5. Jobs also started a juice detox diet after reading Arnold Ehret’s ‘Muscusless Diet Healing System’
Jobs continued experimenting with diets after reading “Muscusless Diet Healing System” by the German dietitian Arnold Ehret of the early twentieth century, which recommended practices such as “intermittent juice fasting.”
“I got into it my way,” Jobs told Isaacson.
After knowing the work of EhretJobs became something of a nutritional extremist, subsisting on carrots for weeks, to the point that, according to various sources, his skin began to turn orange.
Above all, don’t try this at home: Ashton Kutcher tried a fruit-based diet while preparing for his role as Steve Jobs, and ended up in the hospital.
4. Jobs read ‘Autobiography of a Yogi’ by Paramahansa Yogananda on the slopes of the Himalayas
Jobs read “Autobiography of a Yogi” by the Indian guru Paramahansa Yogananda when I was in high school.
He then reread it while staying at a guesthouse on the Himalayan slope in India.
The Apple founder explained: ‘There was a copy of Autobiography of a Yogi in English left by another traveler, and I read it several times, because there wasn’t much to do, and I walked from town to town and recovered from my dysentery ( gastroenteritis-like disease) ‘.
Unlike the disease, the book remained an important part of Jobs’ life. I reread it every year.
3. Jobs and Daniel Kottke became interested in the literature of the Beat Generation before their trip to India
Jobs and his best friend at the time, Daniel Kottke, read “On the Road” in the 2 years leading up to his trip to India.
Published in 1957, “On the Road” is a classic reading of the Beat Generation, a literary movement that explores American politics and culture after World War II.
The novel focuses on the travels of Kerouac through North America and Mexico with his friend, Neal Cassidy.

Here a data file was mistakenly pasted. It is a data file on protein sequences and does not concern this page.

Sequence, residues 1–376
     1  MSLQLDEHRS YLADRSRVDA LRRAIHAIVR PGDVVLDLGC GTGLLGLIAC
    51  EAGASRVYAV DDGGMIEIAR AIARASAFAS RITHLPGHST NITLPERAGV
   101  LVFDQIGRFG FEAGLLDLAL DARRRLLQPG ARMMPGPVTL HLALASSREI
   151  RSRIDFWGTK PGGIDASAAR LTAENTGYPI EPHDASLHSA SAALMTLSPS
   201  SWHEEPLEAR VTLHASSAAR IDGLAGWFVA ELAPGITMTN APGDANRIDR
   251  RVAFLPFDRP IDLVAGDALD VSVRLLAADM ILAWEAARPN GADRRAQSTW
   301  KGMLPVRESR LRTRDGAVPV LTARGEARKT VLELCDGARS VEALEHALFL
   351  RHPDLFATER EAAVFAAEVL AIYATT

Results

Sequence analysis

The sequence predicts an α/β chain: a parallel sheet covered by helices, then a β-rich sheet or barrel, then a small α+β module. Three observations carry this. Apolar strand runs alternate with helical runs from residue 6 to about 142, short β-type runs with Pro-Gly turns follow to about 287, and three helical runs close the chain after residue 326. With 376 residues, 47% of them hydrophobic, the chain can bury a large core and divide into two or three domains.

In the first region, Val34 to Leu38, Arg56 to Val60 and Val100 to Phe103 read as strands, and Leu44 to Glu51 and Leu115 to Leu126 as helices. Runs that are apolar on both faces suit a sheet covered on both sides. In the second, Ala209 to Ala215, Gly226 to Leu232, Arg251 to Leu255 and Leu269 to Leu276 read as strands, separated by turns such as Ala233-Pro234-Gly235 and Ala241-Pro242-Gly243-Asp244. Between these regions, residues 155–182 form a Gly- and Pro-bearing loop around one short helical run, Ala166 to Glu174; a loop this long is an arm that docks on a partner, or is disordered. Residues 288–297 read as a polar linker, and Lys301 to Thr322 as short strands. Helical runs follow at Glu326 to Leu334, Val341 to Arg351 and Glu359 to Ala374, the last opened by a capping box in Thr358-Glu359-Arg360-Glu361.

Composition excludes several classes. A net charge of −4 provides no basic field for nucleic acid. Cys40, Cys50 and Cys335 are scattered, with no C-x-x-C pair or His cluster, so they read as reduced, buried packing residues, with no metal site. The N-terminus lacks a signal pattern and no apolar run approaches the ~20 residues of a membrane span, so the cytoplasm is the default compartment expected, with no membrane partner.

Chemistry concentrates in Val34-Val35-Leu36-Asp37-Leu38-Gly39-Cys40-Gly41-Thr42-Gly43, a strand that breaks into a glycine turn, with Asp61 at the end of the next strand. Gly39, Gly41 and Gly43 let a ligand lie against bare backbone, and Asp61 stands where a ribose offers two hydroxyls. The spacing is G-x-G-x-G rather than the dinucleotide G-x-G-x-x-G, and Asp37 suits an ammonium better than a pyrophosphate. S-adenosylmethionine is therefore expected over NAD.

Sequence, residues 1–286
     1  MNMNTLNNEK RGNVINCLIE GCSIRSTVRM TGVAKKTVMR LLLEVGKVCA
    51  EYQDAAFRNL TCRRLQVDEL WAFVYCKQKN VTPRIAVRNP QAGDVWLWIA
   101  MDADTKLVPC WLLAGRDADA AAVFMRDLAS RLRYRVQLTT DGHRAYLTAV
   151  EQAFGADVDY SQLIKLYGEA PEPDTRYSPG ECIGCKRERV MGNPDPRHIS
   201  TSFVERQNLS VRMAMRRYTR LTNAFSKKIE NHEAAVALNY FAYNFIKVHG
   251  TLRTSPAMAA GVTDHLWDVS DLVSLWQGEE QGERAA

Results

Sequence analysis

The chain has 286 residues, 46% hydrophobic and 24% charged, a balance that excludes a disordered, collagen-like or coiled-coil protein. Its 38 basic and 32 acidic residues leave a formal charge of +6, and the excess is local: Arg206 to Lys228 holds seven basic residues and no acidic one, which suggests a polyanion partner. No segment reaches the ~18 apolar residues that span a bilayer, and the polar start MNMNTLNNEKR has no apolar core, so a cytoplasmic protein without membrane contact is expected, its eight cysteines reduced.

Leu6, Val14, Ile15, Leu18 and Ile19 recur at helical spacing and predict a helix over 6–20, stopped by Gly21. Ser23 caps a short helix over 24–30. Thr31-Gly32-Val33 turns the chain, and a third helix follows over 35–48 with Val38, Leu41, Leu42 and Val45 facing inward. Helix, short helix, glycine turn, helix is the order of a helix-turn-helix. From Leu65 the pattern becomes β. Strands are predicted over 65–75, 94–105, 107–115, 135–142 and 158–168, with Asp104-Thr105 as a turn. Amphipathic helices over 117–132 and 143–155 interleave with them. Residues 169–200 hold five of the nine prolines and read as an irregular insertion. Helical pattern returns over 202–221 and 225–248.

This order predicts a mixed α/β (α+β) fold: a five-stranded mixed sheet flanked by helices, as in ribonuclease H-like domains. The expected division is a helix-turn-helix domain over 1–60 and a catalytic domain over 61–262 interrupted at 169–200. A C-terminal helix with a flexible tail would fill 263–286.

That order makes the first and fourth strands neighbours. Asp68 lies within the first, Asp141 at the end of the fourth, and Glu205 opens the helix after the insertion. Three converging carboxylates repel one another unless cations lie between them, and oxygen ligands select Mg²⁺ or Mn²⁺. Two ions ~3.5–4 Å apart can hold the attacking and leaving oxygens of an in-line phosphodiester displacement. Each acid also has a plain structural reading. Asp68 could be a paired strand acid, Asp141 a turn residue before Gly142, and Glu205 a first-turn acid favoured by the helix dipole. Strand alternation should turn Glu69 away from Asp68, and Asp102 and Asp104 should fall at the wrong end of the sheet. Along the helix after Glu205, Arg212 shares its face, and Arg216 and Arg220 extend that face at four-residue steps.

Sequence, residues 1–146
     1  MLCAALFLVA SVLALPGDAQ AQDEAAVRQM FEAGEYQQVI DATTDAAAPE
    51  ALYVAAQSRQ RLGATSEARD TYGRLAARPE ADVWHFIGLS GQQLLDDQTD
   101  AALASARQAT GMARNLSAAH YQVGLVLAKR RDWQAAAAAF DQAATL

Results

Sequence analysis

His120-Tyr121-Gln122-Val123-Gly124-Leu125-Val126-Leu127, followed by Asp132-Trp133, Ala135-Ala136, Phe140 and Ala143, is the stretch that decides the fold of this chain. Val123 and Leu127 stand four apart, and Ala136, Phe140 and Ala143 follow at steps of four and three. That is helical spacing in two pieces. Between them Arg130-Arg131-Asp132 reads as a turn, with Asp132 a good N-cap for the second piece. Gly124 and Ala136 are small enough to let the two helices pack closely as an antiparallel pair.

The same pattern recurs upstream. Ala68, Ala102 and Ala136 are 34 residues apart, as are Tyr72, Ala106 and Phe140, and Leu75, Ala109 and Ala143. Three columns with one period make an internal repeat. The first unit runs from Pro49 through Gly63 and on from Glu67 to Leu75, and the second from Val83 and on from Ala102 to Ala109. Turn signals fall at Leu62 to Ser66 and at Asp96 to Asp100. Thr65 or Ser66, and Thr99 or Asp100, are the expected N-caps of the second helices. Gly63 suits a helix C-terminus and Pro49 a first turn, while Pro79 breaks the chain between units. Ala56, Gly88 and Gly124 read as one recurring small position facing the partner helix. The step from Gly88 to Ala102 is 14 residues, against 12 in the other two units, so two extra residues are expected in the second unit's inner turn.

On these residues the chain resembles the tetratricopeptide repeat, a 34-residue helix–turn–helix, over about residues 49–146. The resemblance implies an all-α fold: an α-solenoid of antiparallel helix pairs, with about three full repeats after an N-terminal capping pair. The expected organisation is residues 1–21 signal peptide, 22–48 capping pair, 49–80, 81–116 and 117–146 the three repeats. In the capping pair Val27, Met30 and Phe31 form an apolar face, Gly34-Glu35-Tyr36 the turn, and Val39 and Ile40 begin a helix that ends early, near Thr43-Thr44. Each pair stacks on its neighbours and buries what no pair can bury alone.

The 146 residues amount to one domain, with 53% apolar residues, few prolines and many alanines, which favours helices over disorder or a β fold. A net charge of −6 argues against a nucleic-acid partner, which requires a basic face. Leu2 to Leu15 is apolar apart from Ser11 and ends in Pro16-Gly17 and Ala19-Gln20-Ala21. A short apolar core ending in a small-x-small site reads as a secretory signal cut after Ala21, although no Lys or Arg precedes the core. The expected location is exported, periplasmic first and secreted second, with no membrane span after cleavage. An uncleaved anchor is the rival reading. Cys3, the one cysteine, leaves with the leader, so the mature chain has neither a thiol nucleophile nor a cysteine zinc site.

It’s a well-known reading about freedom, humanity, and self-discovery, and it was named one of the 100 best English novels of the 20th century by the Modern Library.
2. Jobs read ‘Zen Mind, Beginner’s Mind’ by Shunryu Suzuki and attended classes taught by the author
After Steve Jobs returned from India, his interest in meditation continued to grow with books.
This was due in part to geography (California in the 1970s was the place where Zen Buddhism first took hold in the United States) and he was able to attend classes taught by Shunryu Suzuki, the Japanese monk author of “Zen Mind, Beginner’s Mind.”
Like everything else, Jobs was very dedicated to Zen.
“He became really serious and conceited and, in general, unbearable,” he sentenced Kottke.
Zen has been a great influence in my life ever since. I thought about going to Japan and trying to enter the Eihei-ji monastery, but my spiritual advisor urged me to stay here (in California), ”Jobs told Isaacson.
1. The Innovators’ Dilemma by Clayton M. Christensen taught Jobs how not to lag behind with technology
Apple got into the habit of boycotting itself. The iPhoneFor example, it had many of the characteristics of the iconic iPod, rendering the music device obsolete.
Jobs could see that cannibalism was a necessary part of growth, thanks to the legendary professor’s “Innovators’ Dilemma” Clay Christensen from Harvard Business School.
The book posits that companies go bankrupt on their own success, staying committed to a product even after technology (and customers) advance, as it did. Blockbuster with the rental of physical films.
Jobs made it clear that the same would not happen to Apple, as he indicated in his explanation of why he needed to embrace cloud computing:
It’s important that we make this transformation, because of what Clayton Christensen calls “the innovator’s dilemma,” where the people who invent something are often the last to see further, and we certainly don’t want to be left behind.